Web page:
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Image by david clarke


with the martello journal


by gráinne daly

Imagine a football field. Not one hugging the rugged West of Ireland coastline, but one
surrounded by several tall tiers that stretch high into the heavens. A latticework of iron
lengths crowns its perimeter in great cylinders cross-stitched from the Hogan Stand to the
Cusack. Imagine a train passing by the railway end. There is a girl on the train. She is looking
out at the pitch, recalling her brother playing there in his last match.

Suppose an empty Coke can rolls across the floor of the train and lodges under the seat
opposite the girl. She is glad it is trapped by the thick metal buckle attaching the seat to the
floor. Glad of the respite from the tinny sound of an empty can rolling backwards and
forwards throughout the carriage. She checks to make sure there is nothing leaking from it,
although she knows from the sound of it it has truly given up its contents. Her white runners
intact, she looks out towards the blue slant of the Cusack Stand.

Let’s say a bird drops a feather. It falls into the box at the Hill 16 end; just on the goal-line. It
lies on the grass, lilywhite against the green. It looks out of place. The girl sees the two tall
sticks that rise from the ground in perfect symmetry. Two identical white poles, black tipped,
prefabricated, the crossbar with its short moustache of black; a perfect trigonometry of angles
and lines. She remembers when the club used old P&T polls. Every summer the chairman
would nominate a few players to paint them. One year her brother had been one of the
chosen. It was the year that they went on to win their first county final. And from there, they
won five in a row. Then, with the jingle of medals in his pocket, he got the call up to the
county panel. The relatives called and they stayed for a week; the drinks cabinet in the house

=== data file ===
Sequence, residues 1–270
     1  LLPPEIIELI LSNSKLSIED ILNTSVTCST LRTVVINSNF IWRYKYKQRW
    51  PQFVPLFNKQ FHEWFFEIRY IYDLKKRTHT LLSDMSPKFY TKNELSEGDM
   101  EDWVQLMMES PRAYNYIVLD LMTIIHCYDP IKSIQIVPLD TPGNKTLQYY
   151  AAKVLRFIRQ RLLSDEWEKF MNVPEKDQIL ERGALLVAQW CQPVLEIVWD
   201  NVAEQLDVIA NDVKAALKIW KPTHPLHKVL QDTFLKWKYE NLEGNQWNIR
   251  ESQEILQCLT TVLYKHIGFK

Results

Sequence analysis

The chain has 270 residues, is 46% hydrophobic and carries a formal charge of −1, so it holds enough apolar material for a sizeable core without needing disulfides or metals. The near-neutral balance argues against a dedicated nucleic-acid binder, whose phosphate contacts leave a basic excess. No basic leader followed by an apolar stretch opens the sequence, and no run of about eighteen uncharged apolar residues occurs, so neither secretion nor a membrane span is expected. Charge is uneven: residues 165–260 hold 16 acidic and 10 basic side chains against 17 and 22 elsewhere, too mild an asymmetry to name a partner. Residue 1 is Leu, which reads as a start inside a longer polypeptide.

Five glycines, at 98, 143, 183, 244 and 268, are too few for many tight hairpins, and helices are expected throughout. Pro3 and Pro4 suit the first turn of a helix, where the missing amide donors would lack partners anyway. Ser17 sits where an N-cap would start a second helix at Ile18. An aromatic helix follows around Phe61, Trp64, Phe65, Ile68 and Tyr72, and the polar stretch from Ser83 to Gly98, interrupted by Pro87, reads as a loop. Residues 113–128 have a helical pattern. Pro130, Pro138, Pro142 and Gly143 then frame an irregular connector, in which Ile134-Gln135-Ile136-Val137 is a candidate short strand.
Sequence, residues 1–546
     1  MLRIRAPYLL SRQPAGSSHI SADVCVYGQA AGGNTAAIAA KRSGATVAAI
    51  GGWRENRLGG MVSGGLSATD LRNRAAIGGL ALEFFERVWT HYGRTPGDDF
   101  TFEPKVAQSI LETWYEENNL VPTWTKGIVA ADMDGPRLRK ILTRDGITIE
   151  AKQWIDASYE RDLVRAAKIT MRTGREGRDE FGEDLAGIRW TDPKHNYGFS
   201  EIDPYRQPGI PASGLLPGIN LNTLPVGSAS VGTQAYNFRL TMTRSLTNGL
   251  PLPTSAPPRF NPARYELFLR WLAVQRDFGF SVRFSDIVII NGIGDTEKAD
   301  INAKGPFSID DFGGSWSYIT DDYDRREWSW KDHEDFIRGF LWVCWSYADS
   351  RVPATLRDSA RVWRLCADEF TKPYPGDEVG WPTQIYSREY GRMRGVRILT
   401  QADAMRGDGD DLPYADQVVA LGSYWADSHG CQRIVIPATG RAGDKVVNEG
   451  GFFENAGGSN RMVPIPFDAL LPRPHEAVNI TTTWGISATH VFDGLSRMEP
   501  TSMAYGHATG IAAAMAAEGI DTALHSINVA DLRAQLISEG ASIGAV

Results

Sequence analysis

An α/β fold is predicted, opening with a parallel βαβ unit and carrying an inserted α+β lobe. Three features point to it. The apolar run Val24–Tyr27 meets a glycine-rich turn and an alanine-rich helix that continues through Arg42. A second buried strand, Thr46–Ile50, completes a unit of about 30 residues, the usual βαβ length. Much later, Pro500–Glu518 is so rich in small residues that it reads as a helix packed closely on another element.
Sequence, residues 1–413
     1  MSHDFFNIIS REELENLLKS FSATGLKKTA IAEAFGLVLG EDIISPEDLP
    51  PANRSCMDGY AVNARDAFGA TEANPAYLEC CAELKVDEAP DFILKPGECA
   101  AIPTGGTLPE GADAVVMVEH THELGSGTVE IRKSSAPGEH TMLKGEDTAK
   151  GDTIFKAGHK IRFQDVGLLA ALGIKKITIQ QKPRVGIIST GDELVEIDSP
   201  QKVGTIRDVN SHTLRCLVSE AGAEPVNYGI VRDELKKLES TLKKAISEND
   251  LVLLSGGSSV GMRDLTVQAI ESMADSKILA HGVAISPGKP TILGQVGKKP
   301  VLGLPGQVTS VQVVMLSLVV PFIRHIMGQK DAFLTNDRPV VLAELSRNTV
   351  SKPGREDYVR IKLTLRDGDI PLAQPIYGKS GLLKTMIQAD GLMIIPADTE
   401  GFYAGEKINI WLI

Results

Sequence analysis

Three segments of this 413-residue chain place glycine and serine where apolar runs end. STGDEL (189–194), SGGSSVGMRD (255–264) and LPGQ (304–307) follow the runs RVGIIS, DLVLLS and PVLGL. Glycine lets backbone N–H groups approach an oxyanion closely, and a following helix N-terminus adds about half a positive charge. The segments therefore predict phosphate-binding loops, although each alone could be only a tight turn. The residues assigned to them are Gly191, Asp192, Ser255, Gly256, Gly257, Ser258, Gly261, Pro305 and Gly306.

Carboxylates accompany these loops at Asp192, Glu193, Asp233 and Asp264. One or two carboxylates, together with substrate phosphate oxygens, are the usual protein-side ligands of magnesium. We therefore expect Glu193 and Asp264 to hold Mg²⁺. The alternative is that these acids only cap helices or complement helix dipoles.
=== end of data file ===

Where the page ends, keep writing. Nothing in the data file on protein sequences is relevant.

was opened and cleared several times over. They were back again six months later for his
wake. Once again, the cabinet was drank dry.

Imagine a breeze swirling around centre-field where giants of men have stretched and
contorted to catch leather balls. The breeze would set the fabric of a jersey in ripples across a
body. It might upset the kick of a ball, seducing the need for more boot than usual. This
breeze would carry the shouts of a player up above the tackle and over to the vigilant ears of
a teammate. It would ferry cheers of fans into the din of action. This breeze would lift off the
sod of a football field and ribbon towards the iron crown above. To where seagulls rest. And
past players.

Imagine a set of eyes watching down on a girl on the train. She’s looking at that very spot
where the winning goal was taken. She remembers. Who could forget? That was the day, the
last day. The day she reimagines.

Gráinne writes poetry, fiction and creative nonfiction. Her work has been published widely and was longlisted for the An Post Irish Book Awards Short Story of the Year Award 2021. Her previous honours include awards from the Arts Council of Ireland and the UCD Maeve Binchy Travel Award. Sport in creative literature is her research interest. 

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